self-governing, self-propagating, and self-supporting churches

Status
Not open for further replies.

yeutter

Puritan Board Senior
At what point should missionaries step back and encourage the churches they worked with to be self-governing, self-propagating, and develop into being a self-supporting federation of churches?
They need to have the Bible, and the creeds in their native language? What else is necessary before the missionary should step back?
 

PuritanCovenanter

The Joyful Curmudgeon
Staff member
I assume you have basic linguistic helps with grammar and dictionaries along with God's word. Translation is a big issue also. It takes many years in some cases to translate.
 

NM_Presby

Puritan Board Freshman
I'm speaking from the outside of the missions world, but it would seem to me that at least if the missionary is from a Presbyterian denomination the goal would be to help the churches in a mission region to get to the point where they could from their own presbytery. From that point on they could be their own organization while maintaining fraternal relations with the original sending denomination.

In addition to what you mentioned above, this would require having multiple churches with biblically qualified elders in a region, and training them in how to conduct healthy church government procedure.
 

Puritan Sailor

Puritan Board Doctor
At what point should missionaries step back and encourage the churches they worked with to be self-governing, self-propagating, and develop into being a self-supporting federation of churches?
They need to have the Bible, and the creeds in their native language? What else is necessary before the missionary should step back?
The ultimate goal would be to have their own adequate officer training program in place, so that they can call and equip their own ministers from within to build up and expand their churches. That was basically the task given to Titus, "to appoint elders in every town". So once the basics are in place (i.e. Bible, Creeds, and a Book of Church Order, in their own tongue) you want the missionaries to gradually fade away while the indigenous are trained to take over. But, that may take a couple generations if you're starting from ground zero with an unreached people group.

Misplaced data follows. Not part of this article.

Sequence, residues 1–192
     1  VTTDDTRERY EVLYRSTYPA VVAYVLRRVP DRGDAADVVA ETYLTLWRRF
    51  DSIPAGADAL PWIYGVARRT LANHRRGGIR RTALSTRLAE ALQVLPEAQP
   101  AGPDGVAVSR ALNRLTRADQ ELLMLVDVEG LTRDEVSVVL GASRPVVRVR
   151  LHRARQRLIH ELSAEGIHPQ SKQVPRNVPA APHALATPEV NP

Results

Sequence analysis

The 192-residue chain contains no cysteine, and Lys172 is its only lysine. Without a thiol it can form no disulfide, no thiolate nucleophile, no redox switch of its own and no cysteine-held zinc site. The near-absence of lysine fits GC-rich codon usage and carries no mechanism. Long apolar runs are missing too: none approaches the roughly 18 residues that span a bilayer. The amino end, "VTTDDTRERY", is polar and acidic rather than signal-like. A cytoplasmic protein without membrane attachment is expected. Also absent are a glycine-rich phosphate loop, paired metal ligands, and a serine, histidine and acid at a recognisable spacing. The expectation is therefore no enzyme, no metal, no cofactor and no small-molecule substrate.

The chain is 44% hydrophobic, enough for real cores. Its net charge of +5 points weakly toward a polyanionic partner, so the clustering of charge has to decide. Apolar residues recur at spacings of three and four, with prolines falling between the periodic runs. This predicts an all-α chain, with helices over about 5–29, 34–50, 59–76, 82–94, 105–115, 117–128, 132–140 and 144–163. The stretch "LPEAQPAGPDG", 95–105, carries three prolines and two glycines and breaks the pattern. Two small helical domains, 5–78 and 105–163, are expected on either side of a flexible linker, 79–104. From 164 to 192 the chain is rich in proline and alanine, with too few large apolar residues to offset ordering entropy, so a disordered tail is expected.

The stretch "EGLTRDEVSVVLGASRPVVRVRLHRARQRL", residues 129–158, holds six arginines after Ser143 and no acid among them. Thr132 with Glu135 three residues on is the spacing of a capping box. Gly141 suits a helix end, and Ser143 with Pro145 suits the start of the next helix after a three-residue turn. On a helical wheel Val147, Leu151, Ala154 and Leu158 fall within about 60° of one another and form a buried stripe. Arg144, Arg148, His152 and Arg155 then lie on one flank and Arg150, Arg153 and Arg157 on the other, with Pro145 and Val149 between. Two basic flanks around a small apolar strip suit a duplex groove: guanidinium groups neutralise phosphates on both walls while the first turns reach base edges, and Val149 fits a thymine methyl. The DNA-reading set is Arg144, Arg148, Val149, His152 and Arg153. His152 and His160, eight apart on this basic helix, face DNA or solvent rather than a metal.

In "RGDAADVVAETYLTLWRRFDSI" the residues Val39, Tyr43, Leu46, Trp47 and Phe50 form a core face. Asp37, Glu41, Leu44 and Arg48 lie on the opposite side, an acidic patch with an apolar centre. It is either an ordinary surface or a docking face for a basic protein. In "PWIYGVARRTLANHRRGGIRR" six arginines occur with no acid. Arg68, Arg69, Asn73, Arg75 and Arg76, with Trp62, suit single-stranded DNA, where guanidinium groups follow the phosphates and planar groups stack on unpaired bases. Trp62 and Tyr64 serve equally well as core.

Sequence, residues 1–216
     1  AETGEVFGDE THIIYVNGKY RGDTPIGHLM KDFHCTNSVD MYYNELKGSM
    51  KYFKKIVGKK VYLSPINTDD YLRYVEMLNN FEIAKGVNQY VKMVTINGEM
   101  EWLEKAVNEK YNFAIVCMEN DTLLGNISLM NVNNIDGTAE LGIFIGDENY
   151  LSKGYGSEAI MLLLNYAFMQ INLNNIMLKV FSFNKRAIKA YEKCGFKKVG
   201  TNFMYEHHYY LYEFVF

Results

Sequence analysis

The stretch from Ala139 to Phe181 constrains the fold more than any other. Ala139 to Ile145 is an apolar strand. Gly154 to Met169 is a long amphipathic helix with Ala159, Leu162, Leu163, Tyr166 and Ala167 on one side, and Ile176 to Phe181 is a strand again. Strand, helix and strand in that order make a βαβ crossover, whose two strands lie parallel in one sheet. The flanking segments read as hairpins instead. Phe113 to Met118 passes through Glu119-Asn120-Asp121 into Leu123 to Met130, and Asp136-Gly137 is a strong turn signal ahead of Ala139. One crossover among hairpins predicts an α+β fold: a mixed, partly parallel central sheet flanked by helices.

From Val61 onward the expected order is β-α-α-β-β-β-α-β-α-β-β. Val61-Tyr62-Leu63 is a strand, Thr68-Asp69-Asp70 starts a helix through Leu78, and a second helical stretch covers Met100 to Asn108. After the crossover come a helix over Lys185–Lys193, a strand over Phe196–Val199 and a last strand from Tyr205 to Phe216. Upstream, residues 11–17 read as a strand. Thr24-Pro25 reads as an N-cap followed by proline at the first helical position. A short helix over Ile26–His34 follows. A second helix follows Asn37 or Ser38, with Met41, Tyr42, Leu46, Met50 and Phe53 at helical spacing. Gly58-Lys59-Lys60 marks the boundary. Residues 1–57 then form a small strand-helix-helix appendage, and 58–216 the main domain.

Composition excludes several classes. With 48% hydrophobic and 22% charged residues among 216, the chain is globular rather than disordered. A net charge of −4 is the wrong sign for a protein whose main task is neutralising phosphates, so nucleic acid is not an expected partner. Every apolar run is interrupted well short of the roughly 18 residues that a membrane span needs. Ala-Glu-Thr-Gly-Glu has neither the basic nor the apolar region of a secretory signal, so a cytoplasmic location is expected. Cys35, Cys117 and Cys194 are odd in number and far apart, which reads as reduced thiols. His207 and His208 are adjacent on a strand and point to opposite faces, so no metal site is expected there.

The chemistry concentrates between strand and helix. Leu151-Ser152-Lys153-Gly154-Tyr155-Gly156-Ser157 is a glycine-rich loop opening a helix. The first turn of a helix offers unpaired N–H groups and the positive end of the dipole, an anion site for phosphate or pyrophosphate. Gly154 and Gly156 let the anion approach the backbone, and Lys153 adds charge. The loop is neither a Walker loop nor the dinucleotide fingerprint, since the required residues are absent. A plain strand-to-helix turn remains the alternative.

Edward

Puritanboard Commissioner
Qualified Elders/Bishops/Presbyters. If there is a trained and qualified leadership, everything else should fall in place. Until, of course, apostacy and schism show up.
 

yeutter

Puritan Board Senior
Translation is a big issue also. It takes many years in some cases to translate.
To be effective the missionary must, as Martin says, have the linguistic skills necessary for translating.
In Myanmar we all know of Judson's work, learning the Burmese language, authoring a dictionary and translating the Bible into Burmese. The Judson translation has many flaws. The Churches that worship in the Burmese language are not unified to agree upon a new translation.
The Welsh Calvinistic Methodists sent missionaries who brought the Gospels to the Chin peoples in Myanmar and India. They established Presbyterian Churches and Baptist Church federations among the various Chin people groups. Today those Presbyterian and Baptist groups are badly infected by Pentecostalism and "prosperity gospel" beliefs.
It appears that Missionaries should have stayed on the ground longer fixing the problems with the translation of the Burmese Bible. Likewise, it appears that Missionaries should have stayed on the ground longer in Assam, Manipur, Mizoram and other Chin areas of India & Myanmar, having oversight of the theological education of indigenous pastors and assisting the new indigenous churches there in becoming rooted in the Reformed faith.